TUESDAY, June 28 (HealthDay News) --
A new study hints at one reason that black Americans are at a higher risk of death from heart disease than whites: Blacks appear to have higher levels of a certain type of plaque that builds up in arteries and is not detected in standard screening.
This so-called "non-calcified plaque" -- which consists of soft deposits that accumulate deep in the walls of arteries -- can rupture and send out blood clots that can lead to heart attacks.
The new study looks specifically at non-calcified plaque, not calcified plaque, which is commonly monitored in coronary screening tests. The study authors said ordinary calcium screening tests such as CT scans may not be as valid for blacks since they miss the non-calcified plaque.
"For a long time, physicians have searched for explanations as to why African Americans have higher rates of heart disease and higher cardiac death rates, but less coronary artery calcium than Caucasians," said study co-author Dr. U. Joseph Schoepf, professor of radiology and medicine and director of cardiovascular imaging at the Medical University of South Carolina in Charleston, in a news release. "We show that one possible explanation for the discrepancy may be found in the higher rate of less stable, non-calcified plaque in the heart vessels of African Americans."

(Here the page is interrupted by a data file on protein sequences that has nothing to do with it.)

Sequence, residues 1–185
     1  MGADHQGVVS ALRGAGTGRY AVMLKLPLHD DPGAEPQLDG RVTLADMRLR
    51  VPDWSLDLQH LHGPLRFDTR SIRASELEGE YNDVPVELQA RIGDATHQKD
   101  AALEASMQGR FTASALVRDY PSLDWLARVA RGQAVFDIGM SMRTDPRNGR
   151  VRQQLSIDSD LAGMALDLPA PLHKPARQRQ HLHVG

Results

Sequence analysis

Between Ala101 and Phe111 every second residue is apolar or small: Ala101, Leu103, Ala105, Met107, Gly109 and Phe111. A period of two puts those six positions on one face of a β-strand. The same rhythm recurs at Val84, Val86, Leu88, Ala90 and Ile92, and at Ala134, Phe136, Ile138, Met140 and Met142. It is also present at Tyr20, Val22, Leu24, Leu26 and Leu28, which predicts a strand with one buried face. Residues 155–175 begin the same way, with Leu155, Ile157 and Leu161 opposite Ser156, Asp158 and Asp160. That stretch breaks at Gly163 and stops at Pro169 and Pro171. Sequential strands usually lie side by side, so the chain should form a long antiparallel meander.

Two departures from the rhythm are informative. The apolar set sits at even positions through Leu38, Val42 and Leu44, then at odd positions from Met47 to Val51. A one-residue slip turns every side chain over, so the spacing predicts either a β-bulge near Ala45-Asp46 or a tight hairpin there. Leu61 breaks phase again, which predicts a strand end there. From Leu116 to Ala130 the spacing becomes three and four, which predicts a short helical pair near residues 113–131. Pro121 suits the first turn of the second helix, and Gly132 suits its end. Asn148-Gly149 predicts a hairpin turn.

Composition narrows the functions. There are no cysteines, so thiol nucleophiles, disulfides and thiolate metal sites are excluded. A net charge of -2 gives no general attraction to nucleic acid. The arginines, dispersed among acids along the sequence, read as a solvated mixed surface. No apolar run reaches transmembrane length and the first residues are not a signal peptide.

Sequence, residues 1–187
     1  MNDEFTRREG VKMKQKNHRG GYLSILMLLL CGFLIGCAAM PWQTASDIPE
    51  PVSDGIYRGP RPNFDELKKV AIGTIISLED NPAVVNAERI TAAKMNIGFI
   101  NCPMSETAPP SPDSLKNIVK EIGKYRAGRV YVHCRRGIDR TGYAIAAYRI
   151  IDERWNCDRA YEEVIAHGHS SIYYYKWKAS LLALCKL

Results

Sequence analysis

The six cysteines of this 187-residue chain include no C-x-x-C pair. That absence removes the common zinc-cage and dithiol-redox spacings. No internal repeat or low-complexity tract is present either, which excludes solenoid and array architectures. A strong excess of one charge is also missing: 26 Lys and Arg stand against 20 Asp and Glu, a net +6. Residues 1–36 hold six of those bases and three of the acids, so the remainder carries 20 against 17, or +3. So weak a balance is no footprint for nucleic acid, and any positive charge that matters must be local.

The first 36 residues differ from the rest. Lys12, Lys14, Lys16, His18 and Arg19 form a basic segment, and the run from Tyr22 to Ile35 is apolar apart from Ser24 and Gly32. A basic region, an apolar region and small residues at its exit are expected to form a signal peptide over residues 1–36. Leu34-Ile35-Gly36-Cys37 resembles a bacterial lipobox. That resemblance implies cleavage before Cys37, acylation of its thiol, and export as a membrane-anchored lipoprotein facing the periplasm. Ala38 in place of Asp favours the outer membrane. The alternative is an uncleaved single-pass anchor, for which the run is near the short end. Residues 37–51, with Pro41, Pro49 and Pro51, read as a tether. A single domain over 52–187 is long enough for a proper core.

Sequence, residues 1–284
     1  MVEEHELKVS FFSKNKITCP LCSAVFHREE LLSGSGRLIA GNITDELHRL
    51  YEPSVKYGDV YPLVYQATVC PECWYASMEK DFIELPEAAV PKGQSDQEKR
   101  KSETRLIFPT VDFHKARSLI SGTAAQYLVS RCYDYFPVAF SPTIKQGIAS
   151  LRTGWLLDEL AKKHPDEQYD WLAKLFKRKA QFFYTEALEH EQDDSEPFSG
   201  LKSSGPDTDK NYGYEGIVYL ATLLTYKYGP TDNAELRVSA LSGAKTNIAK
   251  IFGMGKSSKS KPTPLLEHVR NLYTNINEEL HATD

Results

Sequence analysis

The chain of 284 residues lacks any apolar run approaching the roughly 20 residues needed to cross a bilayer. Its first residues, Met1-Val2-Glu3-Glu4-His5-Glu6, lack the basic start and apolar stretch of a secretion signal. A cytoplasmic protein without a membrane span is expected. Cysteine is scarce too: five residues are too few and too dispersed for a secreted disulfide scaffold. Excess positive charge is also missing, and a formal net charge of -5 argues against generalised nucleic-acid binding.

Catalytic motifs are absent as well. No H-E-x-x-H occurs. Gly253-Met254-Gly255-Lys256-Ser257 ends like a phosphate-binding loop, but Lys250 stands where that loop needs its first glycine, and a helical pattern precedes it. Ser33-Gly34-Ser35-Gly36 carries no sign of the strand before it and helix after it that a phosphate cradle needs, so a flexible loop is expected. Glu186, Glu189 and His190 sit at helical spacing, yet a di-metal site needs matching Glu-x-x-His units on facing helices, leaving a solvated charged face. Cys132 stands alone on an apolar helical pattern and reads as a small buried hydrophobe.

Federal statistics show that blacks are more likely than whites to be diagnosed with heart disease and die of it.
In the study, researchers screened 301 patients for both kinds of plaque using two kinds of technology: CT and contrast-enhanced coronary CT angiography technology. (The latter allows monitoring of different kinds of plaques.) Half the patients were black and half were white, and a third were male. The average age was 55.
Researchers found that non-calcified plaque was much more common in black patients: 64 percent of them had it, compared to 41 percent of whites. Blacks also had more of the plaque in their arteries.
Whites, on the other hand, were more likely to have higher levels of calcified plaque than blacks (45 percent vs. 26 percent).
Dr. Keith Ferdinand, chief science officer of the Association of Black Cardiologists, said it's important to remember that CT angiography is not a perfect test, especially in patients with diabetes and obesity, which are common among blacks.
Ferdinand added that it's difficult to pinpoint the specific effect that race has upon health -- as this study attempts to do -- considering how many differences that may exist between different racial groups.
The study appears in the journal Radiology.
The U.S. Office of Minority Health has more on heart disease in African-Americans.
SOURCES: Keith Ferdinand, M.D., chief science officer, Association of Black Cardiologists, Atlanta; Radiological Society of North America, news release, June 28, 2011
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